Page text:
Tag Archive | Baby

Atheism could do without the naturalistic fallacy


An atheist yesterday?

I hear a lot of atheists laying into religion (well, duh), making the claim that atheism is the natural default we’re born with, and religion only exists because people are indoctrinated to believe it. I like that idea, and it rings true on several levels. We find it so easy to bring children up believing religious doctrines that are wild guesses at best. And we teach them these things as fact, not only introducing fables but loading them with emotional significance to ensure that they aren’t easily challenged and dismissed.

Unfortunately, this belief in “default atheism” is simplistic at best. Babies and small children don’t have any kind of comprehensive answer to major life questions, but I think the early tendency to see one’s parents as perfect, infallible paragons can fit into the most basic definition of theism without too much squeezing and breathing in. And even adults with no interest in religion can still be led down a theistic line of thought by a certain stirring at the wonders of nature, for example. Read More…

Making sense of my crazy life

StressI’ve been neglecting this blog way more than I’d like recently, due to the repeated intrusion of real life. Lots of things are going on both at home and at work, with the two of them locked in a battle for supremacy and grinding my inspiration and energy into the dirt.

This week was fairly typical of what I’m trying to deal with at the moment – a sapping day-long meeting with a lot of people who are probably going to end up deciding on my future employment; a struggle to do a week’s work in three days while additional tasks are thrown my way because I made the tactical error of being competent; and finally, a sudden request for an early morning radio interview relating to the thing that’s occupying most of my home life, ahead of another potentially career-defining day. Read More…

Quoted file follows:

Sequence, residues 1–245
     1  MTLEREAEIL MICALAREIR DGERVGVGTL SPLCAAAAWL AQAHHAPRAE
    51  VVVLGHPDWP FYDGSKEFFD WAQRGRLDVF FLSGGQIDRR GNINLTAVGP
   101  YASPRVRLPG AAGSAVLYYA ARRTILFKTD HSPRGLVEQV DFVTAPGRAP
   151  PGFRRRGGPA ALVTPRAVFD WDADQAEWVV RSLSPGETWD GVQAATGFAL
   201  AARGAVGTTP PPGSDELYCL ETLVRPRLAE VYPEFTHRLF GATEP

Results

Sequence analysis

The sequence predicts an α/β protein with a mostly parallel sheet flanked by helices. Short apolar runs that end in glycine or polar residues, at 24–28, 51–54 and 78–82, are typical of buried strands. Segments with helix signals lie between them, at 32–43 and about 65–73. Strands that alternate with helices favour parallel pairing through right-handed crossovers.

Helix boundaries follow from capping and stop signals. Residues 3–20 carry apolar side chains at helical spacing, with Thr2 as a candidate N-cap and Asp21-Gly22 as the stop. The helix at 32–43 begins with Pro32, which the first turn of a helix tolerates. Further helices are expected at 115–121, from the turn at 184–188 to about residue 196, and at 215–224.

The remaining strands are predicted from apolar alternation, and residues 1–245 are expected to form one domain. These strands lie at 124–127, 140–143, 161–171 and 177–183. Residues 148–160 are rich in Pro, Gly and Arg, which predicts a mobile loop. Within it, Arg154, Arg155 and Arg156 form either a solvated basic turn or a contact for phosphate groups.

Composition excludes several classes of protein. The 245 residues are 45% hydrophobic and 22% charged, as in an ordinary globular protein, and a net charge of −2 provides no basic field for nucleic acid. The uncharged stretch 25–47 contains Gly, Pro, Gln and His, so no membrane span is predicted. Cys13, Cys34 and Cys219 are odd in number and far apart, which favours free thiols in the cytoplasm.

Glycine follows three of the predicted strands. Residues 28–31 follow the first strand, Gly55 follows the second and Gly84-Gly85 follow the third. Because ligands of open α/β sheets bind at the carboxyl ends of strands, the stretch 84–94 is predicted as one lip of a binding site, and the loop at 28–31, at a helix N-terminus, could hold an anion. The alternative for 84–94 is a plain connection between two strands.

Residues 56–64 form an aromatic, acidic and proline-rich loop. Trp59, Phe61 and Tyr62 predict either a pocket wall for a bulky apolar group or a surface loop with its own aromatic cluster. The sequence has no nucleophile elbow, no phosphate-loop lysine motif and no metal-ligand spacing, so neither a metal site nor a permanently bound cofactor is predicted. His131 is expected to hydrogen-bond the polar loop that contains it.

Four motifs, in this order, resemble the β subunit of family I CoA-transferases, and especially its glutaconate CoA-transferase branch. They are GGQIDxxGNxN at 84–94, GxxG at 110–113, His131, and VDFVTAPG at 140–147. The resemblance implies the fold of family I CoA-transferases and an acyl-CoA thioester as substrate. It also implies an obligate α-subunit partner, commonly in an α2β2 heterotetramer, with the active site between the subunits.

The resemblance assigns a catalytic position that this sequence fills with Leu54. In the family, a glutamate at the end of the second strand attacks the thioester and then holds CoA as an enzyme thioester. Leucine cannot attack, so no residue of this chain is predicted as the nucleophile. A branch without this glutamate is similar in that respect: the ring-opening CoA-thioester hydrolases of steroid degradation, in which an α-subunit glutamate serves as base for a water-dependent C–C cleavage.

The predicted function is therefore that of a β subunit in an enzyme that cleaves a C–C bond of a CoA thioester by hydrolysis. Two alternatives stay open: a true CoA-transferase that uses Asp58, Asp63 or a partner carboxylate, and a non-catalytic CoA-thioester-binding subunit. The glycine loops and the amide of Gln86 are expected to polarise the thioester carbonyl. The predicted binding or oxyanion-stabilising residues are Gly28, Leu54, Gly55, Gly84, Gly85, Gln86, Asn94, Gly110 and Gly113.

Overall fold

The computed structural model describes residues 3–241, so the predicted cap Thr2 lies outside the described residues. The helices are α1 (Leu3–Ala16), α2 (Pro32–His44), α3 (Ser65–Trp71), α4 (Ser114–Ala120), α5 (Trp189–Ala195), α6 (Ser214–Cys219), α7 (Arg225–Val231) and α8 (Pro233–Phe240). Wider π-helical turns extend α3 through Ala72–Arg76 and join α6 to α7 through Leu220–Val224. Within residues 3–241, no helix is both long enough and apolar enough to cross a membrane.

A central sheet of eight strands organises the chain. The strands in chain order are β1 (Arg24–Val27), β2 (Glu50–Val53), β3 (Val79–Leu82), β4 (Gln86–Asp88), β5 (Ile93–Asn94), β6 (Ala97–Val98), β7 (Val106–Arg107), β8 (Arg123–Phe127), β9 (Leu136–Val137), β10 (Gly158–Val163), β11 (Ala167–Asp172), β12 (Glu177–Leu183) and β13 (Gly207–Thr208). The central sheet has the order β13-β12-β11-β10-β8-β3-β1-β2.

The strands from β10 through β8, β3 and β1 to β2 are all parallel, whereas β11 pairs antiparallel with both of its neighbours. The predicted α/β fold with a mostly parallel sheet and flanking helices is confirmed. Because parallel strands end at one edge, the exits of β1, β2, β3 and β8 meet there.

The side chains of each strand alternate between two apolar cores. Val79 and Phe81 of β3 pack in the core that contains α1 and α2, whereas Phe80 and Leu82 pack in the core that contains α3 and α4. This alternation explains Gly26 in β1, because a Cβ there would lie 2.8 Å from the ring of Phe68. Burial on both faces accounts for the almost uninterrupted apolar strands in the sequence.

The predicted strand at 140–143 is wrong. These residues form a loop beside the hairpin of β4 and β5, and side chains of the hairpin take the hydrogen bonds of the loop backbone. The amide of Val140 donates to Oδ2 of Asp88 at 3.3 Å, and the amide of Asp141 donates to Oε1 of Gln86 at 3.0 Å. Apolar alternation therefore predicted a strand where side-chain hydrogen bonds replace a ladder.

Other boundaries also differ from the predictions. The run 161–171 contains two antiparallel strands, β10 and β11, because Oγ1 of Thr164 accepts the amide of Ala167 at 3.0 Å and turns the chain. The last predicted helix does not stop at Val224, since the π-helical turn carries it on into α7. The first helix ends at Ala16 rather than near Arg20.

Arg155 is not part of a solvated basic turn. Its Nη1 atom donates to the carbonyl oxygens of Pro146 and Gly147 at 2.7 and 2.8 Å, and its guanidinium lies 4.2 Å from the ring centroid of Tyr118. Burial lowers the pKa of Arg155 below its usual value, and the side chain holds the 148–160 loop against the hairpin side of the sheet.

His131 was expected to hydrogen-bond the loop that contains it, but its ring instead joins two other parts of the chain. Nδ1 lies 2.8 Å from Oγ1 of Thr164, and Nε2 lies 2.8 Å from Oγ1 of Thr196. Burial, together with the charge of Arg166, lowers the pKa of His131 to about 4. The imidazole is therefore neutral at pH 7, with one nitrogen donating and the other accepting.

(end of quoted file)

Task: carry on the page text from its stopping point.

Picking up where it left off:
A Critic Writes: The vital significance of Third Sheep in the Nativity

NativityWe consider that we know what makes a nativity, but do we really? Despite the apparent simplicity of the concept, it’s obvious to clever people like me that this story is a multi-layered intertextual phenomenon. There are layers upon layers, layers within layers, and layers next to layers but at a slight angle. There is nothing simple about it.

Every element of the story is vital to making it the enduring phenomenon it is. Some of these have a direct, functional role – Jesus needs parents, who in turn need transport and somewhere to stay, and no birth would be complete without people popping in uninvited and giving you impractical gifts you didn’t ask for. But other roles are far more significant and symbolic. Read More…

%d bloggers like this: